Critics look for keys to what they deem unfair policy pricing
Insurance industry watchdog Doug Heller was at a birthday party for his mother Sunday when he got an e-mail.
"Documents posted on Allstate’s Web site," came the message to the executive director for Consumer Watchdog, a California-based advocacy group that has championed lower insurance rates in the state.
Word spread quickly in insurance quarters over the weekend after Allstate Corp. on Friday evening posted about 150,000 pages on its Web site that included the long-coveted "McKinsey documents" — reviews prepared by McKinsey & Co., the consulting firm for the Northbrook-based company, as it sought to revamp its claims-handling practices in the 1990s.
Critics of the nation’s biggest publicly traded home and auto insurer for years have tried to get courts to force Allstate to turn over the documents, claiming they hold the secret to what they say is the unfair treatment of policyholders.
McKinsey suggested strategies for Allstate, whose famed motto is "You’re in Good Hands," to lower its claims-processing costs. One slide McKinsey prepared for Allstate was titled "Good Hands or Boxing Gloves," according to evidence presented in one court.
But whether the pages hold mundane corporate strategies or industry bombshells remains to be seen as critics begin the process of poring over the documents "with a fine-tooth comb," one regulator said Monday.
"It’s daunting," said Tom Zutell, a spokesman for the Florida Office of Insurance Regulation, which has been dueling in court with Allstate for months.
"A handful of our legal staff are in possession of the McKinsey report so they will sit down and read page by page and see what they posted," Zutell said.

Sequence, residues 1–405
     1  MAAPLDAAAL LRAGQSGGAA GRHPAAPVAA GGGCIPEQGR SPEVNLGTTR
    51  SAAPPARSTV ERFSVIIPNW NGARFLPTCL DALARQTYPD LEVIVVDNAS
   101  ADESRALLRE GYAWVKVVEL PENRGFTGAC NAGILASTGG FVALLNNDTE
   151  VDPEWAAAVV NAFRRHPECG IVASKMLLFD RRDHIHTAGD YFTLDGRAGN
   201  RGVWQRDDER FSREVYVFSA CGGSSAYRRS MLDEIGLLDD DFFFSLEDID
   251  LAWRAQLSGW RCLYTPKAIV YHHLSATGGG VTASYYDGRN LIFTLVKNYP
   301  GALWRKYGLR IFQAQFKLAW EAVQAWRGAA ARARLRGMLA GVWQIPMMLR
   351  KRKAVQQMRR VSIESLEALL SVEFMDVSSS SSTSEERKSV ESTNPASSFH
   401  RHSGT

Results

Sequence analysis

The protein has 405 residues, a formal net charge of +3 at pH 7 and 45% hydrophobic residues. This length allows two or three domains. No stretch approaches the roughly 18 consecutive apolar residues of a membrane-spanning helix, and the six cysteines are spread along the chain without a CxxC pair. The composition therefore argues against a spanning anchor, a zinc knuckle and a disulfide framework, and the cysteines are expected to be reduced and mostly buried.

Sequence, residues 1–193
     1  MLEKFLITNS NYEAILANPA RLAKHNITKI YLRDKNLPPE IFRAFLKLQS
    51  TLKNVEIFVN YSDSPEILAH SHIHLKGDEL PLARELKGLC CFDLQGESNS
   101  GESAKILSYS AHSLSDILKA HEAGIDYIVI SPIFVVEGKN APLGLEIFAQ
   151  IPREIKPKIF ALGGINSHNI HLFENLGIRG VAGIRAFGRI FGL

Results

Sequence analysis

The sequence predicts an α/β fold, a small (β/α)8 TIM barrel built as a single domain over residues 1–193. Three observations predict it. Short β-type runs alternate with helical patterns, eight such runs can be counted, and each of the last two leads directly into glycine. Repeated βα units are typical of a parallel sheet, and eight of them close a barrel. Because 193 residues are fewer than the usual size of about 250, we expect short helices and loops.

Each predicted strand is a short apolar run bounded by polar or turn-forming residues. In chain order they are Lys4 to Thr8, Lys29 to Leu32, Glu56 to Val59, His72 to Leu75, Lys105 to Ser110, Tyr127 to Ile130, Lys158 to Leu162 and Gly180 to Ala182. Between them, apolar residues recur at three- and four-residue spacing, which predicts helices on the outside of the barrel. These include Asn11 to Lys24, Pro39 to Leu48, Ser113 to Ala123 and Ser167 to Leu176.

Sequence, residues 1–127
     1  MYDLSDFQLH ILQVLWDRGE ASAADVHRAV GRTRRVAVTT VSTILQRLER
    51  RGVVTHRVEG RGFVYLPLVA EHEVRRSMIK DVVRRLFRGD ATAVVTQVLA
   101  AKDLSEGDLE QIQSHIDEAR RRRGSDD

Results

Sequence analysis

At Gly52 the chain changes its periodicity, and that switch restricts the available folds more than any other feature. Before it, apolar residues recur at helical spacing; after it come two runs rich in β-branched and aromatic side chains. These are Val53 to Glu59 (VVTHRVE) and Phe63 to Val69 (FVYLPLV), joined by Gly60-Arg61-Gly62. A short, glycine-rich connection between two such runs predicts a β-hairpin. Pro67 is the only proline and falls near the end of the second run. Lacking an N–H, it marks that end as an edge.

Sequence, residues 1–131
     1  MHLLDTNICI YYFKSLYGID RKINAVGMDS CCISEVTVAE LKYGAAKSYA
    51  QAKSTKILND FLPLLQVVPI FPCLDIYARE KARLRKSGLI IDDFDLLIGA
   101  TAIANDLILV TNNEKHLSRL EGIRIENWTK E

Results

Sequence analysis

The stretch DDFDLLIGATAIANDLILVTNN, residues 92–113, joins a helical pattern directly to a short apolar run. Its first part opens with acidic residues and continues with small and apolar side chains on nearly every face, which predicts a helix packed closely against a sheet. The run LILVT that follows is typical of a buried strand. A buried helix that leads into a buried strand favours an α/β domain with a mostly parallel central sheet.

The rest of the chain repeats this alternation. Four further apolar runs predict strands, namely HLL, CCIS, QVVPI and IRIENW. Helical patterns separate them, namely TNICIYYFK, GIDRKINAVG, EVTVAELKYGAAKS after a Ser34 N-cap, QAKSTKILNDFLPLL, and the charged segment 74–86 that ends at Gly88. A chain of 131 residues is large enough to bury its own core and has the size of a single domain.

Allstate’s release of the documents was on the heels of an appeals court ruling in Florida on Friday that upheld the regulator’s suspension in January of the insurer from writing new policies in the state until it complied fully with subpoenas seeking information about how it sets rates. The situation had followed one in Missouri in which the insurer was willing to accept fines rather than submit similar documents to a court.
On Monday, the Florida state regulator said it submitted a motion to the court seeking clarification on whether the suspension could be effective immediately or at the end of a 15-day period.
Meanwhile, Allstate continues to write new business in Florida as it reviews its legal options.
The state of Florida said it will need time to determine whether the documents posted Friday are the ones the agency had been seeking in its subpoena.
"We don’t have a reaction yet because we haven’t reviewed the documents," Zutell said of Allstate’s posting. "Are they actually the McKinsey documents? Are they all the McKinsey documents? We don’t know yet."
Wall Street’s initial take is that Allstate apparently won’t be at a competitive disadvantage. Its stock closed up 1 percent Monday at $49.46.
For years, Allstate refused to make the documents publicly available, calling its actions "respectful civil disobedience" and saying trade secrets were involved.
Allstate said Monday that it didn’t post the documents in response to Friday’s court ruling, noting that it could not have created a site with 150,000 pages that quickly.
"We think the documents do merit protection and what we did to protect them was justified, but at some point you have to look to the threat of the brand," spokesman Rich Halberg said. "Critics were using bits and snippets of documents to create an inaccurate picture of claims."
Heller, of Consumer Watchdog, said his office has only begun reviewing the documents posted.
California’s insurance regulator last month ordered Allstate to cut its automobile insurance rates by 15.9 percent.
"The insurance commissioner found that rates were out of whack," Heller said.
Heller said one of his colleagues began looking at the documents Monday and said he plans to review them too. And "we also have a summer intern who comes in June, and we already have a stack of things for them to analyze," he said "I could imagine [the Allstate pages] being on there too."
He said he felt excited when he received the e-mail that Allstate had posted its McKinsey documents.
"I thought, ‘There are probably a lot of claimants who got cheated who are going to be angry and feel validated,’" he said.
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